April 15, 2022
Governor Andrew Cuomo was loathsome. Seemingly redeemed in the pandemic’s beginnings, we soon learned he’d fudged nursing home death numbers, to cover an apparent policy blunder, compounded by a cover-up of the cover-up. Compounded further by his smelly $5.1 million deal for a book about his supposed pandemic wonderfulness. The book largely produced, illegally, by state employees. And then . . . all those women.
Facing impeachment, Cuomo resigned. Now he’s trying for rehabilitation as an innocent victim of political hit-jobs. Everybody politically motivated — except him, of course. Puh-leeze.
The elevation of Lieutenant Governor Kathy Hochul last August felt like a breath of fresh air. No Cuomo henchperson, he’d actually tried to get rid of her. She seemed the un-Cuomo.
High on her agenda was ethics reform. The state’s ethics watchdog, JCOPE, had become known as JJOKE, being stuffed with political operatives by the very officials it was supposed to watchdog. Most prominently Andrew Cuomo. Unsurprisingly, JCOPE was a lapdog. Hochul did advocate a seemingly dramatic reform. But it’s been so watered down that it too is a sorry joke. (New York’s pols just won’t give up control.)
Then came Hochul’s first big BB boo-boo: The Buffalo Bills. A football team, from her original home turf, whose billionaire owner fancies a snazzy new stadium. Threatening (as they always do) that if he doesn’t get it, courtesy of taxpayers, he’ll take the team elsewhere. Hochul promptly caved, pledging $650 million in state money. Plus $250 million from the county. Biggest public stadium giveaway in America.
I happen to consider the obsession with professional team sports ridiculous. To people who derive vicarious jollies from meaningless victories by teams they don’t play for, I say: get a life. But if fans want to pay for their fetish, fine.
However, with millions of New Yorkers struggling just to get by (if at all), it’s criminal to blow so much state money on a needless new football stadium. That will be used only around ten times yearly, distant from the city center, and thus unlikely to spur local economic development. Further, the $650 million is only the start, the state will be on the hook for upkeep too. The eventual cost may exceed a billion. (Reprising Cuomo’s own “Buffalo Billion,” another ill-considered (and probably corrupt) economic stimulus boondoggle.)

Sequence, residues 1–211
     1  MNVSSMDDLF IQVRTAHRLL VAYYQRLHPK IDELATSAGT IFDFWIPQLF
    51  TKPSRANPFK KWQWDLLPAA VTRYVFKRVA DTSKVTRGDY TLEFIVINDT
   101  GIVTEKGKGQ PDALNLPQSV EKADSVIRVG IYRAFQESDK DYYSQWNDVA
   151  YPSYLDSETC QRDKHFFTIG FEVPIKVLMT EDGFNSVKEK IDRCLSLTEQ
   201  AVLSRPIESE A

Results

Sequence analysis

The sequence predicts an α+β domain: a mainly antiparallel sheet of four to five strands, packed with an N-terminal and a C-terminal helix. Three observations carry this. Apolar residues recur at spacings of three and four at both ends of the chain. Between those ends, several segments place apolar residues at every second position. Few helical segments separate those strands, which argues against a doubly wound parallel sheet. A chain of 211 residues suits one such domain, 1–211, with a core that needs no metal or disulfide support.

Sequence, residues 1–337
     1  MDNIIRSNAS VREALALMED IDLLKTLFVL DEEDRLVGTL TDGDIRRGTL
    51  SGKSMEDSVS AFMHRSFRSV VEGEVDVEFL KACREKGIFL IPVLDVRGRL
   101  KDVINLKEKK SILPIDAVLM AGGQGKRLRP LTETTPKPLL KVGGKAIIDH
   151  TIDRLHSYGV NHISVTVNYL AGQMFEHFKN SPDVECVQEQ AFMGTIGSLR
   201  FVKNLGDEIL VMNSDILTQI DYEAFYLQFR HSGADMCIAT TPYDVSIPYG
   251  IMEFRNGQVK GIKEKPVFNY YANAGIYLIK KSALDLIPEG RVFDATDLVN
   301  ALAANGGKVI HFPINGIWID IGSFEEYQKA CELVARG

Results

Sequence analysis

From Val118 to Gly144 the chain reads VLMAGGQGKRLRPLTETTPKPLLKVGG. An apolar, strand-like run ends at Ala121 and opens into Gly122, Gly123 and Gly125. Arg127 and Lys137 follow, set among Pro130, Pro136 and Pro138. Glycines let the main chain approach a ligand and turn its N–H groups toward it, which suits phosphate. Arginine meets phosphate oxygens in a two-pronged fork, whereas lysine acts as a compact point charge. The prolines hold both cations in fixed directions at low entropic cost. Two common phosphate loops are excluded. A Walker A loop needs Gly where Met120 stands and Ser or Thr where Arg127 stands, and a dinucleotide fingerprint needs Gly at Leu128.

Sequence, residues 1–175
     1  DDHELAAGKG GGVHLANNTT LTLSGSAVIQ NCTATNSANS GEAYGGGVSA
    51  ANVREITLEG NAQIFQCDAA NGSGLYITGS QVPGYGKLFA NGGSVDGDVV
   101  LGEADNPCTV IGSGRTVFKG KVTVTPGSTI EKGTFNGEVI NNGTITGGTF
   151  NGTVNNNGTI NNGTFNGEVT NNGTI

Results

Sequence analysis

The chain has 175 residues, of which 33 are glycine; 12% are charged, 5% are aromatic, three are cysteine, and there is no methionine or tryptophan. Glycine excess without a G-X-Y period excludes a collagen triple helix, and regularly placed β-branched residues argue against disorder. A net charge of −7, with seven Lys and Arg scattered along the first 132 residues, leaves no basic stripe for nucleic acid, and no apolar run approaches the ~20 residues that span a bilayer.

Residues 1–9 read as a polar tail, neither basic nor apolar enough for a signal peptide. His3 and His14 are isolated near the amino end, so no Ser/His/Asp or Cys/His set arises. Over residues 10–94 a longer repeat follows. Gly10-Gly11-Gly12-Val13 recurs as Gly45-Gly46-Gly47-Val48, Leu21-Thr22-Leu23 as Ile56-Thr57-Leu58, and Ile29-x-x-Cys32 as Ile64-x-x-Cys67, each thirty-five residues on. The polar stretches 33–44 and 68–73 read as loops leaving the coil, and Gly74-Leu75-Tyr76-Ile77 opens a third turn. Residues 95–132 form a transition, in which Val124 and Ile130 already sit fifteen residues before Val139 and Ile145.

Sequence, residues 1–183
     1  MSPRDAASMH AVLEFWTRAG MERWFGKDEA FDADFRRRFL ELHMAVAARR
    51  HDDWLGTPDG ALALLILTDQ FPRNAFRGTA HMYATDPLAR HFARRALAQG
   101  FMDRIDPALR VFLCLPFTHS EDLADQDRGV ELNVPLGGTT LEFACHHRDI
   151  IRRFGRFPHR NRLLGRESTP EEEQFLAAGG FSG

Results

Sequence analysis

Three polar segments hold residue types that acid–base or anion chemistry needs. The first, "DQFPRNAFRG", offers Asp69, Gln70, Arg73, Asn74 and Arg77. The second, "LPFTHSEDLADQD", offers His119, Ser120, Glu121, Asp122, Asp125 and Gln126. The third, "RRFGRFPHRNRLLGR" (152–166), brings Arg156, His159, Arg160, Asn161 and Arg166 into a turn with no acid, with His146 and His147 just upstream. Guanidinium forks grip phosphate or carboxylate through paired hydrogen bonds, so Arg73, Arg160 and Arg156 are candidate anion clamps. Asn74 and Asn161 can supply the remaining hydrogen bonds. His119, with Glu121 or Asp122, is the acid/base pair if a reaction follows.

And will state taxpayers, who are footing the bill, get discounted tickets? Don’t be silly.
And get this: Hochul’s thrill for the Bills is not mere hometown boosterism. Her husband is a bigwig with a company profiting from stadium concessions. Plus, she got fat campaign contributions from lobbyists for the Bills. Indeed, she’s been on a tear scarfing up many millions in donations from lobbyists with business interests before the state, raising ethical issues troubling to say the least. And she flew to many of these fund-raisers on state aircraft.
So now comes Hochul’s second big BB boo-boo: Brian Benjamin.
A state senator she appointed to fill the lieutenant governorship. Being Black didn’t hurt. Ostensibly with some record of community development. But there were already some queasy questions. Now blown up into a federal corruption indictment, and Benjamin’s arrest and resignation.
He allegedly, as a senator, arranged a state grant for a crony that was converted directly into campaign contributions — doubly ripping off taxpayers thanks to New York City’s matching program for campaign finance. One might ask how the legislature could have been complicit in such a scheme, authorizing the money. But this is New York, after all. (And actually, Benjamin’s scam was little different from what many legislators do, only his was stupidly more overt.)
Hochul says that when appointing Benjamin she was assured his legal issues were all resolved. How naive was she? This was a big boo-boo.
He can’t be removed now from the June 28 primary ballot, leaving the lieutenant governor election in chaos. We’ll also choose gubernatorial nominees. One Hochul rival is Jumaane Williams, an elected NYC official, loudly “progressive,” with Tourette’s Syndrome. The other is Long Island Congressman Tom Suozzi, who distances himself from the left-wingery indulged by many New York Democrats. I’ve heard him interviewed, and he generally seemed to make sense.
I will vote for Suozzi. (Good luck.)
Republicans are nominating a Congressman who voted, on January 6, to overthrow American democracy.
Well, maybe all this is not so bad, compared to what’s happening in Ukraine.